Tag Archives: Bryce Rudyk

The Promise of Renewable Energy Microgrids for Rural Latin America

Since the adoption of the utility business model in the early 20th century, governments have relied on extending their national transmission grids to supply electricity to remote populations. Many countries in Latin America have followed this model. In the few cases where grids were not extended, electrification has been achieved by installing local diesel generation. […]

Allocating the Economic Benefits of Renewable Energy Between Stakeholders on Small Island Developing States (SIDS): Arguments for a Balanced Approach

Authors: Bryce Rudyk and Danielle Spiegel-Feld For many Small Island Developing States (SIDS) the cost of producing electricity from imported fossil fuels is so high and the cost of renewable energy technology has fallen so significantly that transitioning towards renewable energy is likely to produce cost savings. A recent workshop at NYU School of Law, […]

A Building Blocks Strategy for Global Climate Change

Authors: Michael Oppenheimer, Bryce Rudyk, Richard Stewart The likely future global climate regime, based on nationally determined, non-legally binding commitments, is not by itself likely to produce emissions reductions sufficient to prevent dangerous climate change. There is, however, already significant mitigation occurring outside the context of the UNFCCC that could potentially be scaled up to fill the gap. This […]

Building Blocks for Global Climate Protection, 32 Stanford Envtl. L. J. 341 (2013)

Authors: Richard Stewart, Michael Oppenheimer and Bryce Rudyk This article presents an innovative institutional approach to supplement and ultimately strengthen the lagging United Nations Framework Convention on Climate Change (UNFCCC) process for negotiating a climate treaty that commits major emitting and developed countries to greenhouse gas emissions limitations. The Durban Platform for Enhanced Action does […]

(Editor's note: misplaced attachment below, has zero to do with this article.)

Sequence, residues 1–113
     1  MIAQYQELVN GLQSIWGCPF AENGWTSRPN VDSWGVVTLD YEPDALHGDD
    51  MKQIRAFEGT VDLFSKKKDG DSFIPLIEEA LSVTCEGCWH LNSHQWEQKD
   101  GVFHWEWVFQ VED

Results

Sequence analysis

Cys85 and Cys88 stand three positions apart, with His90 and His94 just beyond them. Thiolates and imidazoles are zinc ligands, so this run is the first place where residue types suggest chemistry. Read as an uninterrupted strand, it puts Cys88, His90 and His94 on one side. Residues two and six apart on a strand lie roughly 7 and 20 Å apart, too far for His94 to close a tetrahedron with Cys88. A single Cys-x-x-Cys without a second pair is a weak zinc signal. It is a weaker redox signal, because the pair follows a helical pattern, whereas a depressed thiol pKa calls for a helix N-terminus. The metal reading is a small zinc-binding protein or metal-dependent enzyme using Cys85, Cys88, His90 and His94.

A New Strategy for Global Climate Protection, 120 Climatic Change 1 (2013)

Authors: Richard Stewart, Michael Oppenheimer and Bryce Rudyk This essay proposes an innovative institutional strategy for global climate protection, quite distinct from but ultimately complementary to the UNFCCC climate treaty negotiations. Our “building block” strategy relies on a variety of smaller-scale transnational cooperative arrangements, involving not only states, but also sub-national jurisdictions, firms, and civil […]

Building a More Effective Global Climate Regime Bottom-Up, 14 Theoretical Inquiries in Law 272 (2012)

Authors: Richard Stewart, Michael Oppenheimer and Bryce Rudyk The Durban Platform for Enhanced Action holds out the promise of progress towards a climate treaty that includes greenhouse gas (GHG) emissions limitations commitments by all major emitting countries, including developing as well as developed countries. But as the UNFCCC process still faces significant obstacles, it needs […]

Third Abu Dhabi Workshop on Climate Finance

Institutions for climate finance and the new Green Climate Fund were the two main topics of discussion at the workshop on Climate Finance held in Abu Dhabi last week, hosted at the NYU Abu Dhabi campus by the Global Climate Finance Project, together with the UAE’s Ministry of Foreign Affairs. This was the Project’s third […]

Governing a Fragmented Climate Finance Regime, 3 World Bank Legal Review 363 (2011)

Authors: Richard Stewart, Bryce Rudyk and Kiri Mattes This article summarizes the emergence and current status of climate finance in international climate negotiations; sets forth the broad array of functions that global climate finance institutions must carry out; describes the institutions that are already in place; and outlines the agenda for future institution building that […]

Climate Finance: Key Concepts and Ways Forward Policy Brief, Harvard Project on International Climate Agreements December 2, 2009.

Authors: Richard Stewart, Benedict Kingsbury and Bryce Rudyk Climate finance is fundamental to curbing anthropogenic climate change. Compared, however, to the negotiations over emissions reduction timetables, commitments, and architectures, climate finance issues have received only limited and belated attention. Assuring delivery and appropriate use of the financial resources needed to achieve emissions reductions and secure […]